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Hoffmann, R. A wiki for the life sciences where authorship matters. Nature Genetics (2008)
 
 
 

Hepatitis E virus infection in a cohort of patients with acute non-A, non-B hepatitis.

BACKGROUND/AIMS: The aim of this study was to determine the frequency of hepatitis E virus infection in a cohort of patients with acute non-A, non-B hepatitis in Greece. METHODS: Serial serum samples of 198 patients with acute non-A, non-B hepatitis and a single serum specimen from 316 healthy subjects were tested for IgG and IgM antibodies to hepatitis E virus (anti-HEV). RESULTS: Anti-HEV IgG was found in 15/198 (7.6%) of acute non-A, non-B hepatitis patients and 7/316 (2.2%) of healthy controls (p=0.007). Anti-HEV IgM was found in 2/198 (1.0%) acute non-A, non-B hepatitis patients and in none of the healthy subjects. Neither anti-HEV IgM (+) case reported any risk factor and neither had travelled in areas endemic for hepatitis E virus infection. HEV-RNA was detected by reverse transcription polymerase chain reaction in one patient. The prevalence of anti-HEV IgG was 7/45 (15.6%), 1/46 (2.2%), 5/30 (16.7%) and 2/77 (2.6%) in acute non-A, non-B hepatitis reporting transfusion, intravenous drug use, occupational/hospitalization, and unknown transmission, respectively (p=0.007). Anti-HEV IgG was found in 13/122 (10.7%) and 2/76 (2.6%) of acute non-A, non-B hepatitis patients positive and negative for anti-HCV, respectively (p=0.03). A similar association was found with anti-HBc (p=0.007). The prevalence of anti-HEV IgG was significantly higher in cases reporting transfusion [OR=7.3, 95% C.I. 1.4-37.7, p=0.017] and occupational/hospitalization [OR=6.8, 95% C.I. 1.2-38.2, p=0.029], as transmission category after controlling for age. CONCLUSIONS: These findings indicate that: (a) hepatitis E virus may be a cause - although not a frequent one - of sporadic or community-acquired acute non-A, non-B hepatitis in Greece; (b) hepatitis E virus may share transmission routes with hepatitis B and C viruses; and (c) the hypothesis that hepatitis E virus may be transmitted by parenteral routes deserves careful consideration.[1]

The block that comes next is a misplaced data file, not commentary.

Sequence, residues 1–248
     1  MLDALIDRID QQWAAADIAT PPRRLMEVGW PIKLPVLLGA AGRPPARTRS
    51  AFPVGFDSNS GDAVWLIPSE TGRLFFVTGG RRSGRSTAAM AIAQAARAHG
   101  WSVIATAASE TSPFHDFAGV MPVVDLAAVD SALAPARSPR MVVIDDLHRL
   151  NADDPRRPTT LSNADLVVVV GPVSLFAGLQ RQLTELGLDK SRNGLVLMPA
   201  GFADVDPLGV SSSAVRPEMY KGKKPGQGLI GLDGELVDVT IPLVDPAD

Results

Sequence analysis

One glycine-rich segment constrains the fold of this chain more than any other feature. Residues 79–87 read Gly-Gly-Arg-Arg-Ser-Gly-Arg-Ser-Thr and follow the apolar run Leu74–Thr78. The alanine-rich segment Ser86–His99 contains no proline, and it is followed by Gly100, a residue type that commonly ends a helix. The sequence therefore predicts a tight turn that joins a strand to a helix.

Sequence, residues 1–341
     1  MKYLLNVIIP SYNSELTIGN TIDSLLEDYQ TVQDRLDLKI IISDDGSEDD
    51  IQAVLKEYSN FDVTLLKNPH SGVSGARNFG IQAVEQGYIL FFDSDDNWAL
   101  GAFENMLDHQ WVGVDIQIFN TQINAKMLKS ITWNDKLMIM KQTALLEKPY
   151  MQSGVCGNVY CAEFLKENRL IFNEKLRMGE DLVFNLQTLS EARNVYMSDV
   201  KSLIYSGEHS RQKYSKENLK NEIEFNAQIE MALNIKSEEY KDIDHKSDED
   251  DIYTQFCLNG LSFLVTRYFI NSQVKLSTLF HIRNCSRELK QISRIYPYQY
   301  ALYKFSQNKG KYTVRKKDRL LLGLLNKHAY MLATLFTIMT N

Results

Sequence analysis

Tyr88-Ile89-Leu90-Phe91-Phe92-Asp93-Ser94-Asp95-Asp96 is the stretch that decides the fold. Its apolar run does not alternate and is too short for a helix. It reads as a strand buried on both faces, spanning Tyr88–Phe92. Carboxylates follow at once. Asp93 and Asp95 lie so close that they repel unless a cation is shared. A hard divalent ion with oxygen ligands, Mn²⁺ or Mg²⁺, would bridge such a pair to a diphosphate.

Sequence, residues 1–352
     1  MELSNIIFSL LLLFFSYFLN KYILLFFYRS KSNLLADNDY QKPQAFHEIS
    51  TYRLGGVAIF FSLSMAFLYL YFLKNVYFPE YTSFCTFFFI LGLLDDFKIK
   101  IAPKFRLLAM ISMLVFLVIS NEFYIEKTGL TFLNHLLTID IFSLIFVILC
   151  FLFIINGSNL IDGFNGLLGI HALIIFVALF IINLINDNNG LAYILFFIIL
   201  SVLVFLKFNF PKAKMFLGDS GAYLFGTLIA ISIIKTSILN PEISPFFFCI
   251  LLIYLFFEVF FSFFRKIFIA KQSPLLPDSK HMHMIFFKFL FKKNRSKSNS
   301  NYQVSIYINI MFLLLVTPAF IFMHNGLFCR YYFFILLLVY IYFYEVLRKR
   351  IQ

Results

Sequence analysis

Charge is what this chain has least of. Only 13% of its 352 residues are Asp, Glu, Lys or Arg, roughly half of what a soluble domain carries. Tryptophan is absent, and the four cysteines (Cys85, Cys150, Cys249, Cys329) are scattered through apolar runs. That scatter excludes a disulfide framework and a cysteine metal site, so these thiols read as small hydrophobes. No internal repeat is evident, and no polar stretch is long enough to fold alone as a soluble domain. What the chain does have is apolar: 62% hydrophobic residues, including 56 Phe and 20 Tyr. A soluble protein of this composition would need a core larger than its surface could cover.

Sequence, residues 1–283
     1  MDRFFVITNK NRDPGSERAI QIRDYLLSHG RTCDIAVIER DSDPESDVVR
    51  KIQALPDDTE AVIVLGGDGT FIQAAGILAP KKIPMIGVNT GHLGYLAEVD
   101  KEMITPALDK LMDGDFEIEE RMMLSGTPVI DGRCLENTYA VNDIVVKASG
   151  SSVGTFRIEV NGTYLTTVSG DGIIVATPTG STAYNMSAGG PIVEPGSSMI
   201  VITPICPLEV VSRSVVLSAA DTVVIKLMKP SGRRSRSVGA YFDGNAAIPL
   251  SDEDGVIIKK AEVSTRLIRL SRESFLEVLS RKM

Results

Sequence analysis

References

  1. Hepatitis E virus infection in a cohort of patients with acute non-A, non-B hepatitis. Psichogiou, M.A., Tassopoulos, N.C., Papatheodoridis, G.V., Tzala, E., Klarmann, R., Witteler, H., Schlauder, G.G., Troonen, H., Hatzakis, A. J. Hepatol. (1995) [Pubmed]
 
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